Pop, squish, uh-uh: The sounds that send us over the edge
25th January 2023

In the new film Tár, Cate Blanchett plays a conductor who is affected by misophonia – an acute sensitivity to certain sounds. For Blanchett’s character, the clicking of a pen or the beat of a metronome is enough to send her nuts.

Scientists say the condition affects about 18 per cent of the population, but I beg to differ. I think it affects us all.

Who doesn’t have a sound or two that sends them over the edge? Soup, for example, is a nutritious dish, but who can bear the sound of it being eaten? My understanding is that you are meant to bring the utensil to your lips and then tip the spoon sideways. The liquid is gently channelled into the mouth.

Prepare to slurp. Credit:

Instead, people hold the spoon a few centimetres from their faces. They blow to cool the soup, and then inhale sharply, hoping – I guess – to create a low-pressure system between the spoon and their mouth, causing the soup to leap through the air.

It’s a very peculiar sound, the sound of someone siphoning petrol from a stolen car.

Not that solid food is much better. I’m surprised by how many people now eat with their mouths open. Don’t they have a mother? The visuals involved are not great but the sound is worse. The mouth, open wide, serves as a sort of trumpet – broadcasting the sound of wet chewing to anyone in the vicinity. The old rule is proved: public mastication is always a mistake.

Cate Blanchett in Tar.Credit:Focus Features

The sounds of eating can now be experienced everywhere. You can be standing on the street corner, waiting to cross, and your fellow pedestrians are like lions at the zoo. They attack their hamburger with a munching frenzy as if the burger were trying to make good its escape. Liquids, meanwhile, are slurped upwards, by means of a straw, in an aural representation of the challenges posed by gravity.

It’s the same at the cinema. I love the big screen, but discover the surround sound includes someone eating chips four rows away. How strange that bombs can be exploding and planes crashing and yet, the most piercing noise is still the chap in row 12 chewing popcorn.

I shouldn’t criticise others; I have my own problems. An anxious fellow, I’m an inveterate tooth-grinder. I go at it all night long, as if I were grinding surplus corn supplies for the Mexican army. I now have hardly any teeth left, nor anyone willing a share a bed with me.

At one stage, the dentist insisted I wear a device at night; a plastic tooth guard which, when slipped into the mouth, made a sound so revolting that it caused the rapid departure of my fellow bed user.

Removing the device also made a revolting sound, reminiscent of a gumboot being pulled free from mud. Sssshloomp. The fellow bed-user, should she have reconsidered her departure, would flee once more.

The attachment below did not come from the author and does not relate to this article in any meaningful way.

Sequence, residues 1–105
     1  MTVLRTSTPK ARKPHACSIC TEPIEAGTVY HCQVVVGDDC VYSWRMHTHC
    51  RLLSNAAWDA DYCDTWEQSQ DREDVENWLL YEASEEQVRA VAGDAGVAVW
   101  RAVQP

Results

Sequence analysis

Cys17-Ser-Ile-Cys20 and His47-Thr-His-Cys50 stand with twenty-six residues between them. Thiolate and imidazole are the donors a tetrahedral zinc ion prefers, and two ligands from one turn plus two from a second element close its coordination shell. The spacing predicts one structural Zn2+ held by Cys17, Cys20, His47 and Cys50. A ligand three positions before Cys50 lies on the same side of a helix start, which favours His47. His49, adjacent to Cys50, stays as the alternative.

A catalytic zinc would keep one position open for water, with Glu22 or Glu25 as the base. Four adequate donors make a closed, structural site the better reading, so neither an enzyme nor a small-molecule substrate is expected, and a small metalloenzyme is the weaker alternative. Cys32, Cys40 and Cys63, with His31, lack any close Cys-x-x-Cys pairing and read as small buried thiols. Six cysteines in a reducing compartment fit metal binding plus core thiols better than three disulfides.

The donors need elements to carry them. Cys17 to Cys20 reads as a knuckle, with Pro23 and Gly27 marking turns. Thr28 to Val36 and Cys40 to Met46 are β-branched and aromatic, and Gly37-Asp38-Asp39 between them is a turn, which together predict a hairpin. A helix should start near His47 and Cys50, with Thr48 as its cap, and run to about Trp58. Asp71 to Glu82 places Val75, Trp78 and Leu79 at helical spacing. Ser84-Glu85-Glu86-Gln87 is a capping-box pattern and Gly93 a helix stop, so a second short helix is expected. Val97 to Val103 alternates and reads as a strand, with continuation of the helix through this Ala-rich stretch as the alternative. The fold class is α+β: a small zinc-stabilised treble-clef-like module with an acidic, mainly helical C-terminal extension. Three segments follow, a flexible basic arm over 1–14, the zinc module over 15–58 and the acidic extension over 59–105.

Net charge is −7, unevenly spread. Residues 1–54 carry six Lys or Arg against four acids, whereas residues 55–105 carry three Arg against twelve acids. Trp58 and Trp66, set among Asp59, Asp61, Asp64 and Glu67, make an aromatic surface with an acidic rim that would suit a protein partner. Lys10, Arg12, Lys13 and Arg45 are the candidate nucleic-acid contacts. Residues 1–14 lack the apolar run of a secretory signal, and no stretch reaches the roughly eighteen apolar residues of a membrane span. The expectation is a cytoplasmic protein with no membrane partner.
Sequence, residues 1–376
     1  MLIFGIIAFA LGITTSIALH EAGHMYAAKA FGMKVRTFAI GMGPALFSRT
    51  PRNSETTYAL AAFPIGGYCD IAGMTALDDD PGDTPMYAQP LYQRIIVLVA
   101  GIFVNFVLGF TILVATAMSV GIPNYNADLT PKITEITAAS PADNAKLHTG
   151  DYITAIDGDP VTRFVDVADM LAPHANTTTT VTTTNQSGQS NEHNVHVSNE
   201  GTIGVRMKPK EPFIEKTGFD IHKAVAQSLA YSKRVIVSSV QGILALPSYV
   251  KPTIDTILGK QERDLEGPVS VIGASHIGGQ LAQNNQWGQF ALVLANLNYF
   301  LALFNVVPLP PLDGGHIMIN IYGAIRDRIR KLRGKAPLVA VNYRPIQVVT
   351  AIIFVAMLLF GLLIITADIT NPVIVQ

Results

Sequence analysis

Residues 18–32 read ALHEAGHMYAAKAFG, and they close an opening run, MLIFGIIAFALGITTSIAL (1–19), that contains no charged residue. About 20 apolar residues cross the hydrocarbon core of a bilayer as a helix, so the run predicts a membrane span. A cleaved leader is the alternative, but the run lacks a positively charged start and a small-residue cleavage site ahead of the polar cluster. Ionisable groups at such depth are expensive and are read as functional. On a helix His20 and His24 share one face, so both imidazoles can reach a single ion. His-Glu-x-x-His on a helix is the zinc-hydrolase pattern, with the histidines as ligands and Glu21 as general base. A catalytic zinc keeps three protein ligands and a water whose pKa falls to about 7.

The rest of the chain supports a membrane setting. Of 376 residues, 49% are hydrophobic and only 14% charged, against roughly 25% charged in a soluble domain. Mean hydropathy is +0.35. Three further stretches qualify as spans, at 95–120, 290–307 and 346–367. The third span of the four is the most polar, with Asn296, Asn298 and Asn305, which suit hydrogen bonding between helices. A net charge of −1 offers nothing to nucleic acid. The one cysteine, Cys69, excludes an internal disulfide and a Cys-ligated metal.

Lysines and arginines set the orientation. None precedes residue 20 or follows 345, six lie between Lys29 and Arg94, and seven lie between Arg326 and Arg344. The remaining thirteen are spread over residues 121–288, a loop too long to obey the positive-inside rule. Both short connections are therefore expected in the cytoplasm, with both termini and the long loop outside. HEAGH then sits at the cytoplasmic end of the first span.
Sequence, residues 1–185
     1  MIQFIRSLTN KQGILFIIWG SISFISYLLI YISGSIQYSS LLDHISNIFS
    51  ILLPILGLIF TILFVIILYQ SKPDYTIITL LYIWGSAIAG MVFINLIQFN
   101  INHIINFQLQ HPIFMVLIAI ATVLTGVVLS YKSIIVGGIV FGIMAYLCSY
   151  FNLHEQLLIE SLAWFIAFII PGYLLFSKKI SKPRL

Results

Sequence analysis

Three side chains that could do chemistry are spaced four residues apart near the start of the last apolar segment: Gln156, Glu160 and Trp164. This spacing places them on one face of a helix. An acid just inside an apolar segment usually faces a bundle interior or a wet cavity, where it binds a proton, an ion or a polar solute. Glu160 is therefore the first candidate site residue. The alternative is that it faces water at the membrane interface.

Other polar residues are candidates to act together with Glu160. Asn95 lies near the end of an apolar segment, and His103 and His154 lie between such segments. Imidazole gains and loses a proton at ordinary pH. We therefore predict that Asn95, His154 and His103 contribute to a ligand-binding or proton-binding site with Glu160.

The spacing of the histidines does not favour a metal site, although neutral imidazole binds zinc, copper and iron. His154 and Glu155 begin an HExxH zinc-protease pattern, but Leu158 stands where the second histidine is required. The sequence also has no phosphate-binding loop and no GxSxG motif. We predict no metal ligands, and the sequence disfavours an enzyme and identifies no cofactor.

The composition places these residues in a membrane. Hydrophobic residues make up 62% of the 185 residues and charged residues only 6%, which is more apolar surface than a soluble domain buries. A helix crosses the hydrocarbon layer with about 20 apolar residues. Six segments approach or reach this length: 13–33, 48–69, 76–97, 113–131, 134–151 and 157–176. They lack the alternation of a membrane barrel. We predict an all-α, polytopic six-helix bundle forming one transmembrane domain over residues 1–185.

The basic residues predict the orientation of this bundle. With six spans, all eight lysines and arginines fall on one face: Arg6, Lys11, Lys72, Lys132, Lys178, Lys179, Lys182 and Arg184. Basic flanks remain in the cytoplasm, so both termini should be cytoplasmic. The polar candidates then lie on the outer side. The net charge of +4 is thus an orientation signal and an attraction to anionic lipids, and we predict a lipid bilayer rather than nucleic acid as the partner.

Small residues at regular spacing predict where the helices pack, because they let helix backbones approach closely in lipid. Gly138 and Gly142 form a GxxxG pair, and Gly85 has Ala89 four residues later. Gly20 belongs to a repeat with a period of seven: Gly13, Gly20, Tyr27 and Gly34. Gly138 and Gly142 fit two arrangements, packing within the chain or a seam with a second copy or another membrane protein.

As far as I’m aware, the night-time teeth guard is the only contraceptive device available exclusively from the dentist.

With the few teeth I have left, I do enjoy chewing ice. You’ve enjoyed the gin and tonic, now is the chance to suck on the slice of lemon before crunching away at the ice in the bottom of the glass. This has an electrifying effect on Jocasta who leaps to her feet and runs for her life, as you might from a fire.

I have so many bad habits, but this is the one she judges the worst. Here’s her explanation: “It gives me shooting pains in my own teeth. I imagine what it would be like if I did it myself. It makes me shudder. It really is so disgusting”. Maybe she too suffers from misophonia.

You’d think loud sounds would be more annoying than quiet sounds, yet that’s not true. My father was a pipe smoker, which created a whole cacophony. They were all disgusting, but low volume. Well, other than the bronchial coughing.

There was the sucking to get the device lit – a series of rapid inhalations, then the clunking of teeth on the stem as he maintained a hands-free grip on the thing. After a pipe’s worth of tobacco was consumed, the sticky tar residue was then scrapped into an ashtray, creating a wet scratching sound, much like a rat building a nest in a wall cavity.

Are there pleasant sounds? Of course. I love the sound of Clancy when he’s in the world of dog dreaming – letting out tiny squeaks of excitement as he chases some imaginary rabbit in some imaginary field.

Food sizzles on the barbeque; a beer can opens with an inviting pssst; and – on a visit to the seaside – the waves crash rhythmically onto the shore.

Yet, it’s those other sounds that stay with us. The knife squealing on the dinner plate, a colleague’s tuneless whistling, or the neighbour who needs to prove his psycho-sexual prowess by roaring his car engine as he sets off to work at 6.15am.

Personally, of course, I never hear him. Whatever sound he makes is drowned out by my grinding.

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